15. Trainspotting With The Duck Mafia

I've mentioned in previous blog posts that my in-laws live on the outskirts of the village of Scrooby. Scrooby is sandwiched between the Old North Road (see Old North Road/Scrooby blog post HERE) and the East Coast Main Line. My husband is a train and plane enthusiast, so trust me when I say I've heard my fair share about the East Coast Main Line. I've witnessed it from several locations and actually ridden on it when we used it to get from Berwick-upon-Tweed to Edinburgh on our previous trip. The East Coast Main Line is an electrified railway route that connects London to Edinburgh, originally built in the 1840's by three separate companies; North British Railway, North Eastern Railway, and the Great Northern Railway.  The three companies merged in 1923 to form the London and North Eastern Railway, but eventually in 1948 the railway line was nationalized by the Governement and operated by the state owned British Railways. In 1997 service was resumed by private hands once again where it remains today. The current operator is London North Eastern Railyway who took over from Virgin Trains East Coast in June 2018.

We set out from my in-laws and walked down Mill Lane, which in the States would just be a walking path but in England it's a narrow road that cars actually go on.  We'd been down this lane quite a few times before so it was happily familiar. And familiar too was the Duck Mafia of Scrooby, an offshoot of the Chatsworth Gang we'd encountered previously on our day out to the Derbyshire Dales. I joked in that post about England having an underground gang of ducks who are subtly running the country- but I tell you they will wrangle you and get you to do their bidding with their agressive quacks and the menacing sound of their webbed feet slapping the pavement, they had two grown adults doing a quickstep.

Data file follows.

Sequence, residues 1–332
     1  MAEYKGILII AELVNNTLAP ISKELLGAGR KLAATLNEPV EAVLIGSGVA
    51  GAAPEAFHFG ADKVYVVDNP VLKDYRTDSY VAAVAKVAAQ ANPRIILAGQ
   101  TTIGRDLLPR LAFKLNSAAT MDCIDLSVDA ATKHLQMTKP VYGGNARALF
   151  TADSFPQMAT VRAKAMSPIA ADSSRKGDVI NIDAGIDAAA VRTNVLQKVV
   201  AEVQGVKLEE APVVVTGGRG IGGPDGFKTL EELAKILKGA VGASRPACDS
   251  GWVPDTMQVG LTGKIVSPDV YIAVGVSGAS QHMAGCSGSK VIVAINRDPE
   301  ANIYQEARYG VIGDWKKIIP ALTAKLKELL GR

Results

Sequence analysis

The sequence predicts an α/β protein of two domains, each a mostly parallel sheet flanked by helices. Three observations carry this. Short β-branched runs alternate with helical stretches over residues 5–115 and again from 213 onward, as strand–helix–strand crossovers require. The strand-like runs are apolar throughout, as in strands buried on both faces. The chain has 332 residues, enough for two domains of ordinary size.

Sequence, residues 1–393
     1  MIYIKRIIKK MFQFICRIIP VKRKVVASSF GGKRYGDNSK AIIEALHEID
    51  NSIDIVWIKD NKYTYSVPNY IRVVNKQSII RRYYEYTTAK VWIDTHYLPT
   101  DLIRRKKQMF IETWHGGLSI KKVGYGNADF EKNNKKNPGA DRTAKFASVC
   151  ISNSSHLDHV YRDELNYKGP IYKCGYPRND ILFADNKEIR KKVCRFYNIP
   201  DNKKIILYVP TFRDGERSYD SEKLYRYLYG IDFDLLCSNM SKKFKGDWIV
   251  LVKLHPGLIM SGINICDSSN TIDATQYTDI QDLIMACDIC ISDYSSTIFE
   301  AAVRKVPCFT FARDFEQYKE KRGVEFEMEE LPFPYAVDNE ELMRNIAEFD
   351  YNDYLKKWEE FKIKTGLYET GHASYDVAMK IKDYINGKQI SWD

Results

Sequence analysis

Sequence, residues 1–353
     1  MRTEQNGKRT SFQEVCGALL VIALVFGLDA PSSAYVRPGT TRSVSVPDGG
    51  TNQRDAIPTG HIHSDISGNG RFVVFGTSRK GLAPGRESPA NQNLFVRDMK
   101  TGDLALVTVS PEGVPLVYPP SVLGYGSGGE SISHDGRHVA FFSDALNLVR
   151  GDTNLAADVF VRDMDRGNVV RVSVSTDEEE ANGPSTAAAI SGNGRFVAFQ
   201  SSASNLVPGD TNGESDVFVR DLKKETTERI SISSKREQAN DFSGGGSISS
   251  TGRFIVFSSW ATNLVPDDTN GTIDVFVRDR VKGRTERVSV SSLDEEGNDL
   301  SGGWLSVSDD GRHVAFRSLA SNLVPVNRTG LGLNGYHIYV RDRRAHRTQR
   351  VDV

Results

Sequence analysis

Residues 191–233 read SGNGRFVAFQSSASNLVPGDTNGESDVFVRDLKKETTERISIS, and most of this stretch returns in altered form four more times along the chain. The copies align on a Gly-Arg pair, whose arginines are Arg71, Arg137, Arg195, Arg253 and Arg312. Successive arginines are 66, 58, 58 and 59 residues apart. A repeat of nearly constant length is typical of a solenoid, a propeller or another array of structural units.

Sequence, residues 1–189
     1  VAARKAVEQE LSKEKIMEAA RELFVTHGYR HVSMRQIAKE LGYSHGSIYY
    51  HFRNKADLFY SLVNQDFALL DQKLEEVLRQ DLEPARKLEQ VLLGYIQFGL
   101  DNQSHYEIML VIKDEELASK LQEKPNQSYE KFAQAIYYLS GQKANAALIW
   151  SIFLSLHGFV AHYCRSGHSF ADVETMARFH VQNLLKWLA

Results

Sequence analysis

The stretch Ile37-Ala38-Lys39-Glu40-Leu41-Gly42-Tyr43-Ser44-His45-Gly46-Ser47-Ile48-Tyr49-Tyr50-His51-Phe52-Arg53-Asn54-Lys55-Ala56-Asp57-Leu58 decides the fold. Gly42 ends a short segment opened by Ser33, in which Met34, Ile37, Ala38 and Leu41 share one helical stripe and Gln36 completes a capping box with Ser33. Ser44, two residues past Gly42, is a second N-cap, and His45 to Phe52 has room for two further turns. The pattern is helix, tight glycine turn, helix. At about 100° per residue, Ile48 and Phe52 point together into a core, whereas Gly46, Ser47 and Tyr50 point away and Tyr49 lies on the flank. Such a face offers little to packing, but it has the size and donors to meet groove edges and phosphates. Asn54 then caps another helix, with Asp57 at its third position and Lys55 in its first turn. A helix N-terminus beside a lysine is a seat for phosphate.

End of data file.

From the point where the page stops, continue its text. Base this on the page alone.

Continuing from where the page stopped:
We walked passed St Wilfrid's Church and down Station Lane towards the railroad track to do some trainspotting. Four trains went by Scrooby on the East Coast Main Line while we stood there. I can't even tell you what it feels like to have a high speed train coming right at you. Unfortunately I didn't get a video of the first train that went by (I got photos instead) but it was the loudest and fastest one to go by while we stood there. It rumbled to my core and was actually quite scary. It took my breath
away. I'm sure the train conductor was a bit nervous seeing us standing there- 6 weeks prior a couple committed suicide by jumping in front of a high speed train in Doncaster 10 miles north of where we were standing. We made sure to smile big and even give a wave to keep the conductors at ease.

The fourth train to go by gave me the coveted horn blow as it got closer, which made my day! We stayed for awhile in that bucolic landscape, waiting for trains and listening to the farmer in the neighboring field round up his cows. I'm happiest in the countryside. Give me space and quiet. I need the ocassional jaunt to a larger town with good shopping but I'm most content surrounded by rolling hills. That's why I'm so grateful that my in-laws left Sheffield for Scrooby when they retired. When my husband and I had only been together for a few years I flew to England to meet his family and stay for a visit. At the time they were all living in Sheffield, a city in South Yorkshire with a population of almost 600,000 (and a wider population of 1.5 million in the metropolitan area) In other words, way too big for my tastes. It was nice to visit once or twice but I don't relish multiple visits, especially when it's a stone's throw away from the Penines and the Derbyshire Dales (more on this in the next post).

We strolled back to my in-laws house by way of the village center and made a little side trip to the village church of St. Wilfrid's. The church was built in the 15th century and was restored during the Victorian era. William Brewster, one of the Pilgrim Fathers whorshipped at this church before secretly holding Separatist Puritan meetings and eventually escaping to first The Netherlands and then the Americas aboard the Mayflower. 

I've said this before but roaming the streets of England's town and villages surrounded by all of that history, I never stop being amazed by it. It's around every corner quite literally. 

We capped off the day with a lovely visit with my sister-in-law and more donuts than 5 people needed. (kind of, I mean are there ever too many donuts?)

And we end with a gathering of Granthams. 


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